Categorized | Agriculture

Committees Move Forward with Plans to Pass a Farm Bill in 2012

Senate Agricultural Committee Chairwoman, Debbie Stabenow (D – MI) announced last week that the Senate and House agricultural committees would work to pass a new Farm Bill in 2012, with the goal of having draft legislation introduced by spring of next year. This may prove to be an ambitious schedule and time will only tell what the next Farm Bill holds for conservation. Going on the few clues we have, we can expect less money and more consolidation and streamlining of some of the most important programs for conservation.

In this fiscal climate, we want lawmakers to use this opportunity to do more with less – by consolidating and streamlining programs there is potential to get better conservation outcomes even as we have fewer resources to work with. Senator Lugar’s REFRESH Act takes this challenge, reducing the acres allotted to the Conservation Reserve Program (CRP) and directing environmentally sensitive lands into a consolidated easement program. Although the House and Senate Agricultural Committees failed to release their plans to trim $23 billion from the Farm Bill, from what we know of the proposal, the Committees proposed a similar reduction in CRP, though based on the summary of the plan, the consolidated easement program is likely a bit different, focusing on agricultural and wetland easements, rather than the broad suite of conservation purposes under the REFRESH Act’s easement program.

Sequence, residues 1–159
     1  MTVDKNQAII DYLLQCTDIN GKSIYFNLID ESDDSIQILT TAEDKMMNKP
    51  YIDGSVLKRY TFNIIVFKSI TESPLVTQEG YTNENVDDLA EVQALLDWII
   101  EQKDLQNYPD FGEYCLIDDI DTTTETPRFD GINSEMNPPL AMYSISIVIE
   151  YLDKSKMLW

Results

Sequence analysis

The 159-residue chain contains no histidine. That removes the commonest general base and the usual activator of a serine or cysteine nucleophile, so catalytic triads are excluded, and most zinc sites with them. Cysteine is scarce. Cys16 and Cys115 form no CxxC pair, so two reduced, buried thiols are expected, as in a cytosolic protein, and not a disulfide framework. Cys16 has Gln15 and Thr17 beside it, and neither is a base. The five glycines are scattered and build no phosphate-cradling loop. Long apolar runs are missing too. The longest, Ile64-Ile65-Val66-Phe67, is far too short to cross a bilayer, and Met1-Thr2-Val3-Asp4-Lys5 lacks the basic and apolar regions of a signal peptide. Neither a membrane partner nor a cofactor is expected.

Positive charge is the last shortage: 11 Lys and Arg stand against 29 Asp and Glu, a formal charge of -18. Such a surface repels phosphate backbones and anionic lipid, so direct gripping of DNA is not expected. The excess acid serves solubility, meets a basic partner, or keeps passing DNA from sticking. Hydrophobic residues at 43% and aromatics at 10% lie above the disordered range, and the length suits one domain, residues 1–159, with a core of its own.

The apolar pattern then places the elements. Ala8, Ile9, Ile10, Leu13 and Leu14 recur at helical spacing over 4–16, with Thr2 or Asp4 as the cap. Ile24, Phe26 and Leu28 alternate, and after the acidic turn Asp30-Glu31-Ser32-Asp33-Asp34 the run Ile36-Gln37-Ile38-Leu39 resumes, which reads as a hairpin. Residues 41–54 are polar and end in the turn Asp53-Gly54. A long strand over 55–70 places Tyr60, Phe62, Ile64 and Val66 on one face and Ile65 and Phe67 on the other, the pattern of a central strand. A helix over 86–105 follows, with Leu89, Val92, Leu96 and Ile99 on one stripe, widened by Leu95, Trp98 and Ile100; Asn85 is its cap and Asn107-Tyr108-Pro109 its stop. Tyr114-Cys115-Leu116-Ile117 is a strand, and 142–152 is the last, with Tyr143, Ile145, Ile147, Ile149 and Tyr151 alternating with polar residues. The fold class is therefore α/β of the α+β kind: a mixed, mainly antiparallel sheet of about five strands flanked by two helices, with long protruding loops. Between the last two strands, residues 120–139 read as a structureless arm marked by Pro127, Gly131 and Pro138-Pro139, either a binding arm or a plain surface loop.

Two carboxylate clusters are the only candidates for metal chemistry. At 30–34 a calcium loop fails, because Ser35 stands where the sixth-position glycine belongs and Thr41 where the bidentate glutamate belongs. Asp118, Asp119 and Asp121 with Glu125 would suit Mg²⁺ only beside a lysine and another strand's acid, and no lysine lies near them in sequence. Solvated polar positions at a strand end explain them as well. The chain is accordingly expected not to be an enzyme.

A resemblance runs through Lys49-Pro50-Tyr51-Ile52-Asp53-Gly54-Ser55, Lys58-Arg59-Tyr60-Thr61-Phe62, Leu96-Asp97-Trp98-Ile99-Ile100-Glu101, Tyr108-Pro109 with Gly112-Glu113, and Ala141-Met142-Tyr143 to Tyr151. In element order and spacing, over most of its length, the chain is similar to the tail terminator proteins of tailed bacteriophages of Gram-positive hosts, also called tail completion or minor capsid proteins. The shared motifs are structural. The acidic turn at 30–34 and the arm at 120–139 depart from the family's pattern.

It is difficult to say whether the changes proposed by Senator Lugar’s bill and the Ag committees will make it into the final Farm Bill. Chairwoman Stabenow, as well as other House and Senate Ag Committee members want the changes they proposed to the conservation title to be a part of the next Farm Bill.

There are a few principles that can ensure that consolidation and streamlining efforts do indeed make for more effective conservation. As the Committees build on their existing work and other members of Congress weigh in, any conservation program consolidation should focus on:

  • Greater flexibility for the Natural Resources Conservation Service to engage partners such as land trusts to fulfill program goals
  • Increasing the availability of technical assistance to landowners interested in implementing conservation easements or other practices on their land.
  • Reducing acreage in CRP and targeting highly sensitive land to longer term protection via conservation easements
  • Investing in conservation practices that improve producers’ conservation performance, instead of paying for practices that would have been adopted anyway.
  • Targeting practices, including land protection, towards areas and resource concerns of the highest priority.

We’ll be looking out for these principles as the Farm Bill debate starts up again 2012. Stay tuned.

This post was written by:

- who has written 10 posts on dotWild.

Allison Sribarra is the Conservation Policy Coordinator at Defenders of Wildlife. Alli works on a variety of issues for Defenders' conservation policy program including federal lands policy and conservation planning.

Contact the author

Leave a Reply

dotWild is the blog of scientists and policy experts at Defenders of Wildlife, a national, nonprofit membership organization dedicated to the protection of all native animals and plants in their natural communities.

www.defenders.org